The people interested will be the dog societies—and there are plenty of them—the local authorities, the police and the environmentalists. All these people gave evidence both to me and to the interdepartmental committee. Out of the evidence to my informal inquiry and to the interdepartmental committee inquiry, came pretty well identical conclusions. If a conference was set up and we began to try to work something out, we might make some progress. The only occasion when consultation has taken place between the dog welfare interests and departments that I have known was when officials of the departments came along recently to discuss a proposed registration scheme. If there was a severe outbreak of rabies in the country it would change the whole attitude of the public towards the place of dogs in society. The public would be greatly scared and anxious if this country experienced rabies on the scale endemic in some Continental countries. Happily, we are clear of that. Care, discipline and observance of the rules keep us free. I appeal to the Government to be forthcoming and to say that there should be a round table conference to try to work out a scheme acceptable to the Government and agreeable to those who have to do a good deal of the work, the societies in particular.

I end on this note. As I have told noble Lords before, the Labour Government left the dog licence fee unaltered because at the time it was feared that many more dogs might be turned out on to the streets and somebody would have to deal with them or even destroy them. The people who destroy unwanted and stray dogs now are not the Government or local authorities but the voluntary societies, which are in business to stop cruelty to animals. It is the welfare element that is involved in this unhappy end to many thousands of dogs that either should never have been born or should be in the hands of loving people and enjoying a happy existence. If there were a strike of the voluntary societies and they said, "No more euthanasia here of your stray dogs. You must get rid of them yourself and, if there is undue cruelty, we shall prosecute you", war could be declared on cruel dog owners. One day there may be militants in the animal welfare movement, and one day perhaps I shall be one of them. Let us compel the country to face the dog issue more directly than it has done hitherto.

The problem can be averted if the Government will respond. We are not far apart. We all want to do something about dogs, we want to regulate their position in society and we want to do away with the nuisance that they constitute on pavements, in parks and in public places. We want dogs to have their proper place in society. This is possible. Indeed, Northern Ireland has shown how possible it is. They said that the real problem in Northern Ireland arose from dogs disorientated by the violence straying about in parks and killing sheep by the hundred. They said that it was the farmers in Northern Ireland who wanted the regulation of dogs. We have farmers in England too and we have different requirements in urban areas particularly. What is the element in Northern Ireland that has proved successful that would not succeed here?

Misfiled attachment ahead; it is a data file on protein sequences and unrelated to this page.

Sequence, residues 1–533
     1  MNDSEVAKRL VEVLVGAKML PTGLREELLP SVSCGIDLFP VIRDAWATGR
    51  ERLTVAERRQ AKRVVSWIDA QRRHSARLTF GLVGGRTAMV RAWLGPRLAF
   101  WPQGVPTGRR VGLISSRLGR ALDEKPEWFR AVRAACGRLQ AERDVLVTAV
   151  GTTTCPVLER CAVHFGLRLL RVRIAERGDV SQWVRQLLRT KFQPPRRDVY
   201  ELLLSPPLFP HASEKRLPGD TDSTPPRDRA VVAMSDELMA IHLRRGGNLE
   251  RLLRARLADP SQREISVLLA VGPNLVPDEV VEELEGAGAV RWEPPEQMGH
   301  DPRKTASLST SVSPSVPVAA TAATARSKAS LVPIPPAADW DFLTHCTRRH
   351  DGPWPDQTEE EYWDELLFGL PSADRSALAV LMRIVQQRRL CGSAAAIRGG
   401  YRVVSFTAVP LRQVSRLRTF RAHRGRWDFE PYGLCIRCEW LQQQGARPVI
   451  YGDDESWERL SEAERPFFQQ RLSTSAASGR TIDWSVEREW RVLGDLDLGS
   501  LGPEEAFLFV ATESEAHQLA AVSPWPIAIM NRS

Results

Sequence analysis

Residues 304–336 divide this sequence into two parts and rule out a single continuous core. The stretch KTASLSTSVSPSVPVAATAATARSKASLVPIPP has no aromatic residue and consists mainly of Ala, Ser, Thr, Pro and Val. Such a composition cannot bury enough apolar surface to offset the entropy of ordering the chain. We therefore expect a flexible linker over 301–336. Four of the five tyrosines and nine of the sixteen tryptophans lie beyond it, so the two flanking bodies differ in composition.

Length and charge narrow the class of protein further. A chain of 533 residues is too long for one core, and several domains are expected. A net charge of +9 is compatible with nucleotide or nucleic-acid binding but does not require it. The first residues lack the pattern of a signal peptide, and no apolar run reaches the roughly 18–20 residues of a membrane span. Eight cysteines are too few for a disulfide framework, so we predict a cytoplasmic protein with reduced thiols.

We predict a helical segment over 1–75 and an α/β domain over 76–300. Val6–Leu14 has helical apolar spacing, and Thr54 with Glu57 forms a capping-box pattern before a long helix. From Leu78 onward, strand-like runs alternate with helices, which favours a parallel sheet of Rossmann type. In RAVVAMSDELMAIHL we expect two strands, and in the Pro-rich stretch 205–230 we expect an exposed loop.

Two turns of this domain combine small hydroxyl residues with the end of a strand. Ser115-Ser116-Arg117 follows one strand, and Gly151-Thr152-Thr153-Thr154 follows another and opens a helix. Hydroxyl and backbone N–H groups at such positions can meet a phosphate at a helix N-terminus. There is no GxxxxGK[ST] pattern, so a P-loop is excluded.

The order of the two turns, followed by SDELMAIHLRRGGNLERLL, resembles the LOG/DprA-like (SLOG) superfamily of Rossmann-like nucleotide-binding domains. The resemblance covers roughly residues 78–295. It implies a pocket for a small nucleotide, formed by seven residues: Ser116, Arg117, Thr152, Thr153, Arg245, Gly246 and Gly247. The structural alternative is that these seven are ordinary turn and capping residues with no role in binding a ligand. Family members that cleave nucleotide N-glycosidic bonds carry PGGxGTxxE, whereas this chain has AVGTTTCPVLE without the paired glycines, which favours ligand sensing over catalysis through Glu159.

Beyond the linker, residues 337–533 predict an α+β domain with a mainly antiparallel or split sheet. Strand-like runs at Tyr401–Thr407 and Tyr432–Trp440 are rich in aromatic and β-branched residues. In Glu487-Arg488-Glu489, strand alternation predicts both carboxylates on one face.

I hope that the Government will consider this seriously. Let us bring an end to our differences and to the apathy of Government and the frustrations of animal societies and those interested in canine welfare. We may then make some progress. I hope that the Government will respond to the appeal in a forthcoming spirit.

6.45 p.m.

Lord Harvington

I wish to say a word to cheer up the noble Lord, Lord Houghton of Sowerby, particularly in regard to his comment at the beginning of his speech about dogs and going to Church. Our dog goes to Church every Sunday and has done ever since he was a puppy. He causes no trouble and behaves himself extremely well.

I turn to a serious point. Some years ago I was chairman of the National Sheep Breeders of Great Britain. The anxiety that dogs caused us by worrying sheep was very great. I hope that Her Majesty's Government will realise that to abolish the dog licence does not exactly help that point. I shall doubtless support the Government, but I hope that something will be done. Having seen my noble friend the Secretary of State for Wales recently, I am sure that he would echo my every word. The worrying by dogs on sheep farms is great. Something ought to be done to strengthen the hands of the police and to ensure that the worrying by dogs and the spoiling and ruining of pedigree flocks is taken in hand.

Viscount Ridley

The late Lord Goddard, when he was Lord Chief Justice, used to tell a story of how he had before him in court a man accused of sexual relations with a dog. When in due course the chap was found guilty by the jury the Lord Chief Justice said, "I had great difficulty in deciding how to make the punishment fit the crime in this case". When asked what he finally decided to do, he said, "I fined him £10 and I endorsed his dog licence". I realise that that penalty will no longer be open to the courts if the clause is passed.